Released in 2000, White Pony cemented Deftones as one of the most creative forces within rock and metal. Their chameleonic ability to shift between different moods and soundscapes encapsulated the perfect push and pull dynamic that makes up the very fabric of their DNA. Monolithic slabs of metal riffage combined with art rock, hip hop and alternative influences blended seamlessly into a smorgasbord of vibrant musical ideas. With the album this year celebrating its 20th birthday the band has, alongside a new remaster, compiled a collection of remixes, reimagining the records track listing through various different artists.
The first portion of the record is the newly remastered version of White Pony. There appear to be no major perceivable differences, which isn’t necessarily a bad thing. Some remasters have occasionally opted to make some unnecessary changes, in the process removing a lot of the initial charm and character the record once had. This remaster, however, seems to be solely focused on adding more size, with thicker guitars, heftier drums all subtly building on what is already a huge sounding record. There’s not much more to be said really, White Pony is still amazing and still sounds just as vital and vibrant as it did upon first release.
The second disc, entitled, Black Stallion is where the remixed tracks come in. Remix records are somewhat of an oddity and can be quite difficult to discuss and dissect with a critical eye. It is hard to dissociate them with the source material and can often force you down a path of endless comparisons. Are these songs an enjoyable novelty or do they stand up on their own?
The opening to Black Stallion kicks off in a very familiar way. As Feiticeira’s opening riff enters before quickly dissolving into a more mellow synth laden electronic soundscape. Black Stallion is pretty much exclusively electronically driven, with the majority of songs featuring a newly written instrumental designed to try and intertwine with Chino Moreno’s off kilter melodies and hooks.
In terms of highlights, it’s hard to look past the remix of Passenger. The song is transformed by Mike Shinoda into a glistening electronic piece, its driving riffs replaced with a gentle pitter patter of synths, sounding like rain spattering against the car window. Its chorus accentuated with big stabs of melodic chords and a heavy electronic drum beat, the dynamic twists and turns still remain but are all being viewed through a different lens.
Whilst a lot of the other tracks tend to mold themselves around Chino’s main vocal it was interesting to hear some of the original guitar work being used. The breakdown riff is still present and allows the song to build to a huge climax before dissolving into a lilting solo piano melody. Whilst the Maynard Keenan infused epic is still always going to be the definitive version this manages to stand on its own merit, offering something both original and familiar at the same time. Knife Prty is another stand out. The chorus has now been transformed into a duet, where angelic female vocals act as a perfect counterpoint to Chino’s impassioned emotionally wrought voice. Purity Ring have offered up a new twist that blends perfectly with the emotional tone and vibe of the White Pony version whilst simultaneously revamping its instrumental.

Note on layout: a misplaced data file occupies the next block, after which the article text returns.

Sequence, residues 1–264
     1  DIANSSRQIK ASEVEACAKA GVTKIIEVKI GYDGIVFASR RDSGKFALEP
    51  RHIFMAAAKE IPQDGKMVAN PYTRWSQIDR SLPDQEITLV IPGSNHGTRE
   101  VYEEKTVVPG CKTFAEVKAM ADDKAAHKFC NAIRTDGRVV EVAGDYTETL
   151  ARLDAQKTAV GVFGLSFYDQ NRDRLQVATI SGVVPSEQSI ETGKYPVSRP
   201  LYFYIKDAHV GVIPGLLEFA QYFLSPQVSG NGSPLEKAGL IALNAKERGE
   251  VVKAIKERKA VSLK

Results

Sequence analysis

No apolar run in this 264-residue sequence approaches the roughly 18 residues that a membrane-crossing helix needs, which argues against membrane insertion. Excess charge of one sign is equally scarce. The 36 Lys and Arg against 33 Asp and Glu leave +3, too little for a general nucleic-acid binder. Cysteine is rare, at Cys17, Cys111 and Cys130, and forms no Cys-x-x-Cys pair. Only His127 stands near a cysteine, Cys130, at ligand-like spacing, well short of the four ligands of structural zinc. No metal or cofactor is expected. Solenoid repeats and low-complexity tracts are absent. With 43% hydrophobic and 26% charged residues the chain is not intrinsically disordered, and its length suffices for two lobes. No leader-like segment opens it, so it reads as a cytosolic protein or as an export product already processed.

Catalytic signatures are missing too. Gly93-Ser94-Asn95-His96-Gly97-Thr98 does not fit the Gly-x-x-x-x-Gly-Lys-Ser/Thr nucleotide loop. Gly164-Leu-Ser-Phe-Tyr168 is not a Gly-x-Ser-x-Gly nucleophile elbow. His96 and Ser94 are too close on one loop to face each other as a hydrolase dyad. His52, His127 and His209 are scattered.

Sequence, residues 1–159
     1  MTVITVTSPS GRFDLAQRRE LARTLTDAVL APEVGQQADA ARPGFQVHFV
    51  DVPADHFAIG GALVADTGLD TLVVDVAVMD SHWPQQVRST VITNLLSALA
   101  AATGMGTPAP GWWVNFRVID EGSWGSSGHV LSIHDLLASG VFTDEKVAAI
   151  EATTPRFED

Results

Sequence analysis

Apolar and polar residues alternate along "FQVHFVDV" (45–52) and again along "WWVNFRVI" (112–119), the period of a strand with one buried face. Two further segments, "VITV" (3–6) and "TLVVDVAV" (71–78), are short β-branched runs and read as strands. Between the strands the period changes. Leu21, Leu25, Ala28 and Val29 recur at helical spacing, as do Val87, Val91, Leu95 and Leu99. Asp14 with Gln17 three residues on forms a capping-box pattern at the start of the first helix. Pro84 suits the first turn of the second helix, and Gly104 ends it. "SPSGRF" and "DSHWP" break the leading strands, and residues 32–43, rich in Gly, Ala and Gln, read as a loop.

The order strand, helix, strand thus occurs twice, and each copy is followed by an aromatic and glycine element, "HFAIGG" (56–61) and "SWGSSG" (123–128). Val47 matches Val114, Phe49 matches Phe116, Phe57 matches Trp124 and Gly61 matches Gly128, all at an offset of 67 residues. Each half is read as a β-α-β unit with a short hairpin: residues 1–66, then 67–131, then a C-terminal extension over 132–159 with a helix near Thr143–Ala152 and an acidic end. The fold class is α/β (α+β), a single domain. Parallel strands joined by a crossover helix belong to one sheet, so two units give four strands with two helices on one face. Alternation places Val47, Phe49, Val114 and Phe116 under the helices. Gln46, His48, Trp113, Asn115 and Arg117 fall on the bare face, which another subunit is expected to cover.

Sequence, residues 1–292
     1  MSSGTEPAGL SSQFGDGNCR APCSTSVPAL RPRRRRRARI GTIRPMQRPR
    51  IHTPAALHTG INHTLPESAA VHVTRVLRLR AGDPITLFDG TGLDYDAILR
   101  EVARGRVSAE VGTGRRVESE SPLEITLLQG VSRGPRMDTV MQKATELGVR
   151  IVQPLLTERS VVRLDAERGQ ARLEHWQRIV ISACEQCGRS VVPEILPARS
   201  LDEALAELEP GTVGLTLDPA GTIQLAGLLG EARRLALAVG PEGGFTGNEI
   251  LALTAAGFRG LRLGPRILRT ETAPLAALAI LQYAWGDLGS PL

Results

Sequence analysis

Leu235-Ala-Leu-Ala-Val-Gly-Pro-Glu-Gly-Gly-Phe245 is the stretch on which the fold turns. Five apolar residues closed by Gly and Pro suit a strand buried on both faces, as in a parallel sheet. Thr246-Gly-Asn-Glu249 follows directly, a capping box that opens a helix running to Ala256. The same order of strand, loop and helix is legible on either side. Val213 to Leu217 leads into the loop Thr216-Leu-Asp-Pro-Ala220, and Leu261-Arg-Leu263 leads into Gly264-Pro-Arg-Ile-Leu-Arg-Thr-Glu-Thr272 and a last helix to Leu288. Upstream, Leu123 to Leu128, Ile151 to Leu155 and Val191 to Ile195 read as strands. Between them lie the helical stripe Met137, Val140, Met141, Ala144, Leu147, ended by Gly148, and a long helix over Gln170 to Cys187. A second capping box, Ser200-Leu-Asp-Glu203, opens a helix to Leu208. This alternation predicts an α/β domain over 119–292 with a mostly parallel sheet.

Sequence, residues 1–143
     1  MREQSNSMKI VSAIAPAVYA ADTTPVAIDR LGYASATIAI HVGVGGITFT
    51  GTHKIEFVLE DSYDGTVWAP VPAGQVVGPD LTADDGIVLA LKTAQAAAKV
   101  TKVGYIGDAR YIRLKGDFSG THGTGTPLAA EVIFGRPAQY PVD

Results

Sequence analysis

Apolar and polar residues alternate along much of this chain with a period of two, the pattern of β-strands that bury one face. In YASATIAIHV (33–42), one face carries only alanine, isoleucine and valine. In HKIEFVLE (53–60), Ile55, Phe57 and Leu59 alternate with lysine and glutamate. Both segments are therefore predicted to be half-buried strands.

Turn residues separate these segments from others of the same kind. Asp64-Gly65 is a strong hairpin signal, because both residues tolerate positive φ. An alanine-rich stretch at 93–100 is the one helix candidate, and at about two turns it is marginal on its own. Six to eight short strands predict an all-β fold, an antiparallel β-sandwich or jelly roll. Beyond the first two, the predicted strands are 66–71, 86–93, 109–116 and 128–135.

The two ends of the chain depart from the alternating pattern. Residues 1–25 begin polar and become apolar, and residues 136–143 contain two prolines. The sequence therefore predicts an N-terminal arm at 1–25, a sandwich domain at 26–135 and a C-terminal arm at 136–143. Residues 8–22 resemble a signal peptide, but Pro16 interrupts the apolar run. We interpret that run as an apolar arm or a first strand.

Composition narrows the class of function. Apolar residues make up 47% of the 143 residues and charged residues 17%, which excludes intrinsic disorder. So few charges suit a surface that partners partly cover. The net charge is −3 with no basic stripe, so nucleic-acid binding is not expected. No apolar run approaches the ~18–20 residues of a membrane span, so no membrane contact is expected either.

Even though there are some creative new takes on these classic songs, stylistically some of the tracks on Black Stallion tend to disappointingly maintain a strict adherence to the blueprint. The remix of Teenager by Robert Smith adds some subtle touches but overall is pretty much an exact replica. Listening back to the version found on White Pony only shows that the already minimalist track has not really had anything interesting added to it, leaving any reasons for listening to the remix feeling somewhat void. Whilst many of the tracks here further showcase Chino’s vocal talents the remix of Street Carp ends up making him sound somewhat intoxicated. The slowing down of his vocal to fit the remixed track doesn’t really work, at points leaving him sounding off time, slurred and clunky. Adding female vocals into the chorus certainly adds a nice flavour and it’d actually be interesting to hear more of this throughout the song, without the strange echoey Chino we get here.
In terms of the rest of the record there are some interesting ideas sprinkled across its 11 tracks. Elite is repurposed into an apocalyptic industrial thumper, Chino’s screams echoing in the distance as a machine-like stomp propels the song forward. RX Queen adds a glitched out drum loop to its slinky signature riff and Korea has seen its brutish riffing swapped out for a shimmering Blade Runner style instrumental.
Overall, it’s great to revisit one of the noughties finest rock albums with a slick new coat of paint. White Pony is a timeless record and never tires on repeat listens. Some of the remixes offer something different and are certainly worth going back to, particularly Passenger and Knife Prty. However, a lot of the other tracks end up overstaying their welcome or don’t offer enough reasons to re-listen. It is still worth exploring, if not just for another excuse to listen to the excellent White Pony again, but unfortunately the highs found on the Black Stallion half of the record are too fleeting to feel nothing more than a novelty.